“This is similar to the former Yugoslavia. Does anybody think about the refugees from Serbia and Slovenia?” he enquired.

Referring to the UN commissioner, Lavrov said the number of refugees from Syria currently stands at around 80,000. He stressed that these people all need support.

But at the same time, according to some estimates, there are about a million refugees from Iraq and half a million Palestinians in Syria, and “people don’t talk much about that,” Lavrov said.

He added that those who want to see military intervention in Syria want to change the delicate situation with different religious groups. They want to use Syria to fight for domination in the Arab world, Lavrov said, adding that Russia will do everything it can to prevent this.

Lavrov told journalists that Russia has heard from its citizens living in Syria, and from reporters who work there, that the opposition is persecuting people loyal to Assad.

He stressed that Moscow has information showing that the Syrian opposition is acting under the command of external forces.

“There are enough data witnessing that the armed opposition is being supplied with weapons and other means which are necessary to maintain combat capability,” he said.

 'Blocking Syrian TV unacceptable'

Speaking about media coverage of the events in Syria, Lavrov said that “blocking Syrian government and private channels from broadcasting” does not “square well with freedom of speech.”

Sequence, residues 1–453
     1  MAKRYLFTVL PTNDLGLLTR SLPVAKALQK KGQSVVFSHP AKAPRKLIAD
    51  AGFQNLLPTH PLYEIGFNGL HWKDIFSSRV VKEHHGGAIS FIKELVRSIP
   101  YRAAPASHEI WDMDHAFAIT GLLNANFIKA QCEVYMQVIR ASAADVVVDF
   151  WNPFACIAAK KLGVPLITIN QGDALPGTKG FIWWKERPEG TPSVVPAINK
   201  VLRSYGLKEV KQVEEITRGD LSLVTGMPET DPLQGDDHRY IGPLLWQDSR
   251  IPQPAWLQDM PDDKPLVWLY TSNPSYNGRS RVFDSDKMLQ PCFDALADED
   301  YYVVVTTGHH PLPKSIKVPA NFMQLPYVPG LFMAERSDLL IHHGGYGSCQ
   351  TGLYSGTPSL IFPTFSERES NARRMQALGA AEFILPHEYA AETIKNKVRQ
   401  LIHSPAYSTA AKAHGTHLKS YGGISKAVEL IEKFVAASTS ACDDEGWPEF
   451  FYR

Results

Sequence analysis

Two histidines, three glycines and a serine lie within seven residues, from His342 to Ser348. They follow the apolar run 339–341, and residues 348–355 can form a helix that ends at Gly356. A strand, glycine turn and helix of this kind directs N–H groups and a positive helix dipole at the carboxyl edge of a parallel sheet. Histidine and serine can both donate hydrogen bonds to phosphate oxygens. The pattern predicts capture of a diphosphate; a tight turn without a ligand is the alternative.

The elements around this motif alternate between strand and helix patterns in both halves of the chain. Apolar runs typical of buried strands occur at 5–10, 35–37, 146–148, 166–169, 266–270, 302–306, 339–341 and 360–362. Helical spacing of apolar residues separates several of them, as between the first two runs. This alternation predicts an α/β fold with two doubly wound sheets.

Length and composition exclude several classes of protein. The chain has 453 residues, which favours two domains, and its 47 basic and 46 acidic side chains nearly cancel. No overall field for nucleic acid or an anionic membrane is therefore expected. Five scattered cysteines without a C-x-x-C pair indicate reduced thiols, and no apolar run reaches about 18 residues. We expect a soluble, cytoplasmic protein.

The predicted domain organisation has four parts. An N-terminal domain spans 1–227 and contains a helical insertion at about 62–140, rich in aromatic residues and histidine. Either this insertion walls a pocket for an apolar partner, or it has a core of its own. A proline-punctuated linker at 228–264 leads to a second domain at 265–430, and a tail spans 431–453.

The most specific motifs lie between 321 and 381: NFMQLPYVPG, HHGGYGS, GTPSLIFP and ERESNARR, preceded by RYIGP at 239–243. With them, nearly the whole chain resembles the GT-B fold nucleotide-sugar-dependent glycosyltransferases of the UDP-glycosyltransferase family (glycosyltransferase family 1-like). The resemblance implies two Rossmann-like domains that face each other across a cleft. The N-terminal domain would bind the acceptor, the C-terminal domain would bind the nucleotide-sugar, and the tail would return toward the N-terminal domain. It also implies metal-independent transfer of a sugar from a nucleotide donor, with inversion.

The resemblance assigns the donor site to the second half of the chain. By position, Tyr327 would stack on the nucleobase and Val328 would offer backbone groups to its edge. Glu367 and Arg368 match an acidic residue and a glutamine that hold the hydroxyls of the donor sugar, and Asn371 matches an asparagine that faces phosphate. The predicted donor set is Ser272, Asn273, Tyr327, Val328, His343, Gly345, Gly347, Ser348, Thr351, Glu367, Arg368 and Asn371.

He also recalled the case of UK journalist Alex Thomson, who reported that Syrian rebels set him and his crew up to be killed by Syrian troops in a bid to show Damascus in a negative light.

“We should all be on the same page regarding freedom of speech and how it should be respected by the international community to ensure access to information – no matter what kind of information it is,” Lavrov said.

In early June, Arab League foreign ministers demanded that the two main Arab satellite TV providers, Arabsat and Nilesat, block all Syrian channels as a way of further isolating the Assad regime.

Syrian television officials called the demand an unprecedented assault on media freedom in the Arab world, and a brazen attempt to conceal the reality of what is happening in Syria.

Moscow conference to help implement Annan's plan

Moscow has proposed an international conference on the Syrian crisis and expressed hope that all the parties which can influence the issue will take part.

Russia insists that the conference's primary aim is not in substituting the role of the UN, but in supporting Annan’s plan and encouraging dialogue between the state and the armed opposition.

“The conference should come under the UN umbrella,” said Lavrov, adding that the global discussion would not be a one-off event.

With some western countries calling to ban Iran from the international conference on Syria, Lavrov said to dismiss Tehran “would be thoughtless at the very least”.The FM listed Qatar, Saudi Arabia, Lebanon, Jordan, Iraq, Turkey, Iran, the League of Arab States, the EU and the Organization of Islamic Cooperation among the “integral parts” to the process.